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Nutrition For Building Muscle | Performance Ground
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Nutrition For Building Muscle

Nutrition For Building Muscle

Nutrition For Building Muscle

Science Based Diet For Building Muscle

Building muscle has its own meaning to each individual.  More muscle could mean more force therefore, a greater ability to lift more weight. It could also have a purely aesthetic meaning or be specific to improving at a sport or rehabilitating from an injury. This classic headline is spread far and wide across the fitness industry with people claiming they know exactly how to get you more muscle without backing their advice with science. In this article, we are going to explain the research on nutrition for building muscle in plain terms and show you how you can utilise a science based diet to build more muscle.

THE VIDEO: Nutrition For Building Muscle – Science Based Diet

Fuel your body with carbohydrates

During exercise, we use carbs as an immediate source of energy to help fuel the muscles. Post exercise, our muscles are more accepting of glucose molecules. We have greater means to produce glycogen and the muscles have an increased sensitivity to insulin. This creates a perfect recipe for consuming foods with carbohydrates to replenish what we have lost. This is essential when you are training whether, this involves endurance running or weight-based training, having enough carbohydrates in the body will help fuel the next workout. A failure to replenish our carbohydrates means that in the next workout we will be underperforming.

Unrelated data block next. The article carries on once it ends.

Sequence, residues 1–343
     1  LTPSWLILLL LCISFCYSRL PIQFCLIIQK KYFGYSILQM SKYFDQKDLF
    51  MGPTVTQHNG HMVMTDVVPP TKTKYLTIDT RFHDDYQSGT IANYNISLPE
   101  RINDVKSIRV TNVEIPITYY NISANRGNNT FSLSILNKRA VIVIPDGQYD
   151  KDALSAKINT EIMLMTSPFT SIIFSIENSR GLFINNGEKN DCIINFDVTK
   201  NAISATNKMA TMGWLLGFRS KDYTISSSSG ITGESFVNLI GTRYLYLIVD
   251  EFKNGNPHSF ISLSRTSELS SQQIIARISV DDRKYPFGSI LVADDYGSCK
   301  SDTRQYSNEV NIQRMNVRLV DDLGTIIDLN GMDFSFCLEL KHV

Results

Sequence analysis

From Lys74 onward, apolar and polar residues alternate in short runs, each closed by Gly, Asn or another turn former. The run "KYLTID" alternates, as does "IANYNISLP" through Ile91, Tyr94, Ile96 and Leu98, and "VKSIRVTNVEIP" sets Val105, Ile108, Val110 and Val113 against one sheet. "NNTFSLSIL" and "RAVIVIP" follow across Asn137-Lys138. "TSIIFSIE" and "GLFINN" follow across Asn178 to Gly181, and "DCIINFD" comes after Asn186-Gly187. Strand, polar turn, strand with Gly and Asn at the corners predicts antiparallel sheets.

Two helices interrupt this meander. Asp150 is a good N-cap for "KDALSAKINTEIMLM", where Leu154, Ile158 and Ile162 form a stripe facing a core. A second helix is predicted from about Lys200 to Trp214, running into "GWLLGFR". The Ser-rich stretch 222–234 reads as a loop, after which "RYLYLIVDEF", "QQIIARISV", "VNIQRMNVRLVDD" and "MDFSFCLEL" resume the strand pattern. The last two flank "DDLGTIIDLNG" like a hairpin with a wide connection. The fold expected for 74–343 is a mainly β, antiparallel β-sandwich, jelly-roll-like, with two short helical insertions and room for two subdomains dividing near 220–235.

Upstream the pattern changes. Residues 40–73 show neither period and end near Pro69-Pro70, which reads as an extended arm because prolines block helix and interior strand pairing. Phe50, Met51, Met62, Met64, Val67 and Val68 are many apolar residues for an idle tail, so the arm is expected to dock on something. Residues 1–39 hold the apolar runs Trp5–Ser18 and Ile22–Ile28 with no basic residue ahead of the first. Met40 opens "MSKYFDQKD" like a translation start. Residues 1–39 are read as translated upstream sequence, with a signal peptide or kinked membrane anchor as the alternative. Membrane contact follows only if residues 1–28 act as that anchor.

Dietary protein intake

We can only grow muscle if the production of protein exceeds the breakdown of protein. Therefore, dietary intake of protein is extremely important.

Regulate the production of protein with amino acids

Amino acid availability regulates the production of protein so ensuring that we are consuming sufficient amounts of essential amino acids, more specifically branched chain amino acids (BCAA’s), through dietary means is important.

Optimal timing and amount of protein intake

Protein intake immediately post exercise has been shown to improve protein production compared to consumption in the following hours. However, this is when in the hours leading up to exercise there was no or little protein ingestion. If you consume essential proteins from food within a 2-3 hour window and by the end of the day you have consumed enough protein, your body will be in a positive protein balance. In regard to the optimal amount of protein to intake, there is no one right answer. Eating enough protein to ensure that you are producing more than you are breaking down will lead to a positive protein balance.

Ensure that you consume sufficient carbohydrates to fuel your workouts and replace anything you burn. You must consume enough protein that contains essential amino acids and more specifically branched chain amino acids daily. Overall, ensure you are in a calorie balance or surplus. Otherwise, your body will break down proteins for fuel. Post workout, your body will be sensitive to absorbing carbohydrates and protein so there is potential to consume them there. Lastly, we’ve saved a little tip for the end! Consuming carbohydrates and protein together can yield a greater protein absorption.

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